Last year Miss Perú caused a stir when she wore a costume from this celebration for the “traditional” segment of the Miss Universe pageant. Bolivia had a conniption fit, and claimed she was stealing from their culture. They went so far as to press their case with the U.N. and stage protests in front of the Peruvian embassy in Washington. From what I’ve learned, this is complete hogwash. As one local put it:

La Diablada” is a dance from the Altiplano which includes the south of Peru, the west of Bolivia and the northern part of Chile. The Millenarian Aymara culture doesn’t belong to countries; rather, to THE PEOPLE, through our native language and origin. We should aim for brotherhood and not division. It is chauvinistic to say that [the dance and costumes] belong only to one country – which didn’t even exist 200 years ago! Even before the Viceroyalty, Bolivia was part of the ancient Tahuantinsuyu (Incan Empire). We have more similarities than differences. We share the same native languages (Aymara and Quechua), the same natural environment (the Altiplano and Lake Titicaca) and the same people (the Aymaras).

In other words – piss off, Bolivia! Peruvians have just as much right to wear the La Diablada costumes as Bolivians do! Nah! (tongue held straight out). We actually saw Miss Perú from afar one day at the stadium. She was swarmed by press – all you could see was her huge headpiece sticking up above the crowd!

I jot down notes throughout the day on interesting things I witness.. usually it’s easiest to type these into my Palm Treo smartphone.. but no longer, since it got stolen this weekend! I had just used it to take a note down. I put it back into my theft-proof security purse that I’ve raved about, and we pressed on through the crowd. 10 minutes later I went to check – and it was gone! Well.. it turns out that the fancy security purse isn’t so theft-proof if you don’t zip it closed, Josh! I had a bottle of water sticking out preventing the zipper from closing. Still, the flap was folded over and I was hugging it against myself. This thief must have been some kind of a magician to get through that. Lesson learned – forgo the water in favor of protecting the electronics. I wasn’t actually that upset about the phone itself since it was on it’s last legs, but rather about all the data I lost. Let this be a lesson to you – back up early, back up often. I had to spend hours changing all my logins and credentials at dozens of web sites since on the memory card was an unencrypted spreadsheet with all my passwords. Another lesson learned. I’m doing things differently with my new Nexus One – anything of importance gets synced with the cloud, and it’s all encrypted in case it falls into the Wrong Hands.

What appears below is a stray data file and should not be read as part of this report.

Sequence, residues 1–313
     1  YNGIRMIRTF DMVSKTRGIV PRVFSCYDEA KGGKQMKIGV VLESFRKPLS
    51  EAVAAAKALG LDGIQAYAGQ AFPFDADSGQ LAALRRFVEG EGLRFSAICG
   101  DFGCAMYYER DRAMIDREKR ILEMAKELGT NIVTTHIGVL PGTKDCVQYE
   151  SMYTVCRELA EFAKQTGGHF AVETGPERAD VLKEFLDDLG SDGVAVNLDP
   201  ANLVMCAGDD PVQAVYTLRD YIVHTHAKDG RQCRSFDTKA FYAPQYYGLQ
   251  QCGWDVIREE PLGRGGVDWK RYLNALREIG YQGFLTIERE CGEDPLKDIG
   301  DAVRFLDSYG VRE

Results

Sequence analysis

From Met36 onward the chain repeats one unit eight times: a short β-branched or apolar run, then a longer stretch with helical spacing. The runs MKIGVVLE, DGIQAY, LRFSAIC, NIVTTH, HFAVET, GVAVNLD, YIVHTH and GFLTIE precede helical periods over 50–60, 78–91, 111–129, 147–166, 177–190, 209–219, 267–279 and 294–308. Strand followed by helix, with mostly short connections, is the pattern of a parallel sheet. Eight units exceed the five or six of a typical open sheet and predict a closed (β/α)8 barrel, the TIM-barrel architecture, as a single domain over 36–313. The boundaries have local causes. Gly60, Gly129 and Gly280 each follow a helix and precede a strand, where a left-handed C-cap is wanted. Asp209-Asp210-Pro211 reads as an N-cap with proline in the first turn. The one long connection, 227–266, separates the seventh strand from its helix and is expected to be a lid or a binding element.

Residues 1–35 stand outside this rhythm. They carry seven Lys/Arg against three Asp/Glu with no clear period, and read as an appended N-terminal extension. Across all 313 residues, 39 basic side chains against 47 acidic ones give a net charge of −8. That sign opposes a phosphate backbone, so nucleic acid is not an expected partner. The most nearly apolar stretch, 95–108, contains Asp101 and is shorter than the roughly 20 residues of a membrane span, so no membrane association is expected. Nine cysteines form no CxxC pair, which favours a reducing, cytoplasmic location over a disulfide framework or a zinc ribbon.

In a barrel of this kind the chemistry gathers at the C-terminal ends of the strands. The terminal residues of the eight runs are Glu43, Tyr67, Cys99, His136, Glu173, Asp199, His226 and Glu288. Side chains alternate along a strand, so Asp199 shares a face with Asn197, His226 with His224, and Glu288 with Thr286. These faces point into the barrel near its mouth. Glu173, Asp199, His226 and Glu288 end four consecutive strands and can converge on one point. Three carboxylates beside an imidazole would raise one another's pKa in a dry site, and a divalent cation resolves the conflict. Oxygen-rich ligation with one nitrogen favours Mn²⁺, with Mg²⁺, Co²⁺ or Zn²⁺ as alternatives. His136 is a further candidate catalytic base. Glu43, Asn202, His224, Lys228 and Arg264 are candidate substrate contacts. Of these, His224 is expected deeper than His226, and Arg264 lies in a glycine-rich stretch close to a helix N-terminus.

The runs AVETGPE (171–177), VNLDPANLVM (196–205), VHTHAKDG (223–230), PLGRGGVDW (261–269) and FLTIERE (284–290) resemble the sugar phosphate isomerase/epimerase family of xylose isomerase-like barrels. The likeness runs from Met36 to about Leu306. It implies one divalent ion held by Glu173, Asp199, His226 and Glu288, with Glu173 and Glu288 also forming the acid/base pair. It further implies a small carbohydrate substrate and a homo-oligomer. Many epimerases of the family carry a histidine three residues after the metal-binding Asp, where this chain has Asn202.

It’s great getting out of the weather of Cusco for a bit. It’s much warmer here.. blue skies, bright and sunny. And Lake Titicaca is beautiful. It’s one of the highest navigable lakes in the world, at 3810m / 12,500ft. It’s also huge – the largest lake in South America – and like the Great Lakes of North America, you can’t see across to land on the other side. One day we checked out the famous Uros floating reed islands, about a half hour by motor boat from Puno’s shore. The origin of these constructed islands? Hundreds of years ago the Uros were living on the shores of the lake when the Incas came a calling. “Subjugate to us or die!”, the Incas said. Or something like that. “No way, José, see ya later, alligator!” replied the Uros. And they cleverly fled to the middle of the lake, building their own islands as a safe refuge. Not only were they creating a moat between their enemies, their homes could also be moved at will. Simply towed to a new location should danger arise. Today there are 56 islands – all constructed by hand using dried reeds bundled together into layers. It takes one year to build an island about 100m x 50m – enough for a family or two to live on. They anchor the islands to the shallow bottom or to other islands to keep them from floating away into the lake.